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Dementia, disputes and family conflict

Dementia is a growing condition and statistics are predicting that 1 in 3 people born in the UK this year will develop dementia in their lifetime. Currently, there are 850,000 people in the UK today who are living with dementia, and it is likely to increase to over one million by 2025.

Since the growth of dementia and the need for others to make decisions on behalf of other people; there has been a growing issue with disputes. Arguments can include how finances are being administered by the attorneys or perhaps decision making around where a person is to be cared for or where they live.

Changing family dynamics

It is quite evident that family dynamics have changed in the last 40 years, with split family situations, family members living much further away or perhaps abroad. It is leaving others more local to support the individual and who will probably take control of the day to day arrangements. This can cause concern for the person living away, due to perhaps them feeling excluded or just not really understanding what is going on and this can give rise to conflict.

If you create a Lasting Power of Attorney either financial or health and welfare, then consideration should be given as to whether that person would act with integrity and honesty. Unfortunately, there is evidence which is growing that this is not always the case. There has been an increase year on year of reports to The Office of the Public Guardian (OPG), who oversee the supervision and registration of powers of attorney, around potential allegations of abuse of attorney powers.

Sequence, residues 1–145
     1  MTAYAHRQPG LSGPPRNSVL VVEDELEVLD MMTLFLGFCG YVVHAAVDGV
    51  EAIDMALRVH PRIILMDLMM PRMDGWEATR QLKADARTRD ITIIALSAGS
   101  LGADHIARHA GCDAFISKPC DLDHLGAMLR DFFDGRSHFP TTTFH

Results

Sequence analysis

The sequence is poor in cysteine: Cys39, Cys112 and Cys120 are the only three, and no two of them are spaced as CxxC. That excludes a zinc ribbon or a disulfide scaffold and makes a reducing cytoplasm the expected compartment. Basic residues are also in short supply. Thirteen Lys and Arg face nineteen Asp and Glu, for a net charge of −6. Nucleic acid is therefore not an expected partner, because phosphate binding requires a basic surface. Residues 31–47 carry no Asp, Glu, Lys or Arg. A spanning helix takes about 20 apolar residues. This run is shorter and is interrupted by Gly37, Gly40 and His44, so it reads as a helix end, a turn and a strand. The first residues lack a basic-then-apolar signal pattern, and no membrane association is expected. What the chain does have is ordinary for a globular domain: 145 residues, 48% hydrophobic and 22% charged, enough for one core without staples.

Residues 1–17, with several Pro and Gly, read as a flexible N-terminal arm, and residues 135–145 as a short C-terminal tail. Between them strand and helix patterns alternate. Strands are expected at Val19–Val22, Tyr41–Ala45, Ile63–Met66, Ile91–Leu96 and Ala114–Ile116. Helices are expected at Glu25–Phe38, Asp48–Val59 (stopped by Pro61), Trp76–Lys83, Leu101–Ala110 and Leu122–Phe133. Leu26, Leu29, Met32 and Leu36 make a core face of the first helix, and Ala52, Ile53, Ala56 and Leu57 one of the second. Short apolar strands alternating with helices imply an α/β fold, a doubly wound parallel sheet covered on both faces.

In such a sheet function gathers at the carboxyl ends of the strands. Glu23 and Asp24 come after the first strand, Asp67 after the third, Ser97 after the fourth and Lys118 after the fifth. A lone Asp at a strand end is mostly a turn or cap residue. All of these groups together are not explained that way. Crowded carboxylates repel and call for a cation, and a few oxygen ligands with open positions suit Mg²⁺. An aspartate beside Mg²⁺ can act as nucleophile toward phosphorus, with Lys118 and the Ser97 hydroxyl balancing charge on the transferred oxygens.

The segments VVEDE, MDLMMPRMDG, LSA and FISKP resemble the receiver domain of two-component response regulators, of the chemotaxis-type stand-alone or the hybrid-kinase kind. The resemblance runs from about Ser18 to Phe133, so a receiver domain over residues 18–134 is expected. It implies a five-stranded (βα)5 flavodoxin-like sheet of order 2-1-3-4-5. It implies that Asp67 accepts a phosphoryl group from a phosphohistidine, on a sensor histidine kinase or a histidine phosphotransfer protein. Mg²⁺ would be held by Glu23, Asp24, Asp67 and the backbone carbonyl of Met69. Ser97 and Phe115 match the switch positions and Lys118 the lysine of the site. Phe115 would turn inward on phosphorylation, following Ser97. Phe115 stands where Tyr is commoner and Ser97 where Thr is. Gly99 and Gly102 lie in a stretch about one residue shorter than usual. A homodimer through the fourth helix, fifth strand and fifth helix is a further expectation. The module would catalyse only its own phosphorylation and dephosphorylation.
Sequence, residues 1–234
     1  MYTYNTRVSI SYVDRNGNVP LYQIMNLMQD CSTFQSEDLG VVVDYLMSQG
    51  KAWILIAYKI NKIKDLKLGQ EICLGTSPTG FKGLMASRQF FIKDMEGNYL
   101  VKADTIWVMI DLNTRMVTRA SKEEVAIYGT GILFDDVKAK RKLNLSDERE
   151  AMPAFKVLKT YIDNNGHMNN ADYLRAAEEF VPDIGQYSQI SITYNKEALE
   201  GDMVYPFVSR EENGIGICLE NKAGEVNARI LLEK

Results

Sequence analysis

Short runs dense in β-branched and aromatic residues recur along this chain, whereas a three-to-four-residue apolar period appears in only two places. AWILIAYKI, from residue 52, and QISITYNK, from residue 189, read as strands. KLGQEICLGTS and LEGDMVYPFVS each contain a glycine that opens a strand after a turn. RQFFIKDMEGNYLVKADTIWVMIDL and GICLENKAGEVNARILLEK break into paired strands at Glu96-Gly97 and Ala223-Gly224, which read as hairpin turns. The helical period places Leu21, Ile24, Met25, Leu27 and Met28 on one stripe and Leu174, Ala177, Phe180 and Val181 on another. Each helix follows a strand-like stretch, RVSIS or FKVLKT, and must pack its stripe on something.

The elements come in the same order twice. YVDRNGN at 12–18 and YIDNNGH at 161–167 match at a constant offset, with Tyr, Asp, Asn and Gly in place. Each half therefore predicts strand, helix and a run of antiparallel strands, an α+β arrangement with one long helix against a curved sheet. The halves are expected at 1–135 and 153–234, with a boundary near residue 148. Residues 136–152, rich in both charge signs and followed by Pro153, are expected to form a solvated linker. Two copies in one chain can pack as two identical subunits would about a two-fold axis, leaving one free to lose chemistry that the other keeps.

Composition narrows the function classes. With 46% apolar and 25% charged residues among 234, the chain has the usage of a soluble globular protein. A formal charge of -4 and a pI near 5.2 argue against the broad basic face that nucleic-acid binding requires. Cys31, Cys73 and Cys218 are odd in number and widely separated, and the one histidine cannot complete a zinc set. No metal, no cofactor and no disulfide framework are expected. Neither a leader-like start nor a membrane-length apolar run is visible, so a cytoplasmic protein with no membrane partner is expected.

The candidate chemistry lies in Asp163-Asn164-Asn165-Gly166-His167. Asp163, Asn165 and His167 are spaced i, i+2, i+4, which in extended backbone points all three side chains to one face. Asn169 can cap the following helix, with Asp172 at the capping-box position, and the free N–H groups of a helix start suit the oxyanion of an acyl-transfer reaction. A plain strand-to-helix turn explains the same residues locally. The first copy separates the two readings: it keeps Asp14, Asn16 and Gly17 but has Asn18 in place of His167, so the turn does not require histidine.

Karon Walton Head of Court of Protection says “There is no doubt that there is an increase of reports of financial abuse, certainly within the last few years. While the majority of them are most certainly without any foundation, there are however cases where it is clear abuse has occurred”.

In circumstances where there has been abuse, then the OPG will seek to remove the attorney and look to the Court of Protection to appoint a deputy to take over, which could be a professional deputy such as a solicitor.

What happens when a power of attorney hasn’t been made?

In such circumstances where a power of attorney hasn’t been made and where capacity is lost, then someone will need to be appointed by The Court of Protection to act for you as a deputy. This is made by way of an application by an applicant, usually a family member to the court to be made a deputy.

Resolving conflict

Karon says “I have also seen a growth in applications being made where other family members have objected to the proposed deputy, due to family conflict.”

It is crucial to carefully consider who should be making an application and who should be the most appropriate person. Early recognition of potential conflict can stop a lot of hurt and damage to families if this step is undertaken at the very beginning and undoubtedly legal advice can help to guide families in the right direction.

Karon says “some of the most difficult cases I have had, are where a case has gone to court, and the parties have not taken any legal advice. They can at times get themselves into a bit of a mess. Not only can it delay matters and bring more upset and argument into proceedings but certainly it will not find favour with the Judge who is determining the case.”

If you have any contentious disputes around powers of attorney or court of protection, then seek early legal advice from a specialised Court of Protection lawyer who can assist in bringing the matter to resolution.

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